So it halted federal enforcement measures, particularly for gun possession bans for people charged with, say, misdemeanor domestic violence or drug users. But also, it had some language in the opinion that essentially said that when states start thinking about gun control measures, that they shouldn’t or necessarily primarily look at just public safety, but they also need to consider America’s, “historical tradition” of, you know, firearm ownership.
This doesn’t seem like a super important thing, but just this language alone has caused nearly like 500 decisions across the nation in courts analyzing federal, state and local gun control measures. And so while we have this national outcry about AR-15 bans and stuff like that, we have a judicial branch that has certain cases like Miller v. Bonta.
So Miller v. Bonta is a case right now that’s going through the court systems in California that’s looking at California’s AR-15 ban. And as it currently stands, the lower federal courts in California have decided twice that its AR-15 ban is unconstitutional. And again, this is all because of this Supreme Court, kind of, doing two things.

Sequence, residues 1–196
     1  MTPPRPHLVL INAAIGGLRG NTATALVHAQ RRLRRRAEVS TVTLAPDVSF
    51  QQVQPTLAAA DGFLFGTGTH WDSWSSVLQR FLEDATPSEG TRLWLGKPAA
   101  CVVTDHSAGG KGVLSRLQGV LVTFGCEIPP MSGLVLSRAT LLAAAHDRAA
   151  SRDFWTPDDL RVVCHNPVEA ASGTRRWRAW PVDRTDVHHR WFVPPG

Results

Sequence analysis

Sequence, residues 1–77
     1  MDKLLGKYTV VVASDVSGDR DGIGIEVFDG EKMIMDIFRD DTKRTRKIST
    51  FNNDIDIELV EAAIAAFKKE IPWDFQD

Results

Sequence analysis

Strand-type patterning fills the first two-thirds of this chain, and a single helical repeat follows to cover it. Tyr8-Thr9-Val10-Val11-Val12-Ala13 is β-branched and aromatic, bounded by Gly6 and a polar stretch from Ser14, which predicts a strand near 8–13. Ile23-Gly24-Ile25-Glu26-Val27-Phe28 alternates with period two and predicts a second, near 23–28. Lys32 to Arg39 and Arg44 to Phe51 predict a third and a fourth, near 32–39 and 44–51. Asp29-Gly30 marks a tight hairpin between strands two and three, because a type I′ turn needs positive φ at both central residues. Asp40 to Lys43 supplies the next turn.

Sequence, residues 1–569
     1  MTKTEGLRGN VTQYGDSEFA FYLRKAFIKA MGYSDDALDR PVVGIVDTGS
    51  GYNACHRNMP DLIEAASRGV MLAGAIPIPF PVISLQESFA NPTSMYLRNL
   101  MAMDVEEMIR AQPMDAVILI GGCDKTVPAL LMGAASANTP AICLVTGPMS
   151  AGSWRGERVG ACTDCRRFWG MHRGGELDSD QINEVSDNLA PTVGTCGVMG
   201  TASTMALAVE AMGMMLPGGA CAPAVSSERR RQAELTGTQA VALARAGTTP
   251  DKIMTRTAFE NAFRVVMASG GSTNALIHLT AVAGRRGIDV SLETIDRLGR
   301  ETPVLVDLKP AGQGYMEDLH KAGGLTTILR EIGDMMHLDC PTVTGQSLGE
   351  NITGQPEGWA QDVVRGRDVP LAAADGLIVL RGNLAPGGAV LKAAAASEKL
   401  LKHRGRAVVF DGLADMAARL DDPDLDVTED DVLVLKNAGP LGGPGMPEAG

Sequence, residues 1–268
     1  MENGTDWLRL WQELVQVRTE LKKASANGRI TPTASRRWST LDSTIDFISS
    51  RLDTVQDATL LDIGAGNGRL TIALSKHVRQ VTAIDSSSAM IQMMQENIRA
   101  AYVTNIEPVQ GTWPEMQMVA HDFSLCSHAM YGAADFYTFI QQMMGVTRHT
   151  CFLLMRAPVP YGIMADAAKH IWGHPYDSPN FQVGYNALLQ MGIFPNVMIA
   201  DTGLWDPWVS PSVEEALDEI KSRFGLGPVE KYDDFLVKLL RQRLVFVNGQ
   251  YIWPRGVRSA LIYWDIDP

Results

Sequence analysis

One, showing a little bit of its hand saying, “if we get a gun case, this is how we’re going to look at it.” But also showing another thing: that it has an appetite to take gun cases in the first place. Before Trump’s Supreme Court, we kind of had a Supreme Court that it wasn’t necessarily given that a gun case is going to even get up there in the first place.
But where we go back to Trump’s appointees for Supreme Court, one of the things that we have to note is that these appointees also had some incredibly loud opinions about firearms cases ,and Trump being a huge, supportee by the NRA, exalted some of these nominees to his list. And these are the guys who were appointed.
And so we have a court system now here that while everyone’s thinking “hey, we may need to add some sort of new gun control measures,” we may have more of a country where states like California and New York are actually coming into line with, like, Texas and Montana. And so I think a lot of people aren’t paying attention to that dynamic going on right now.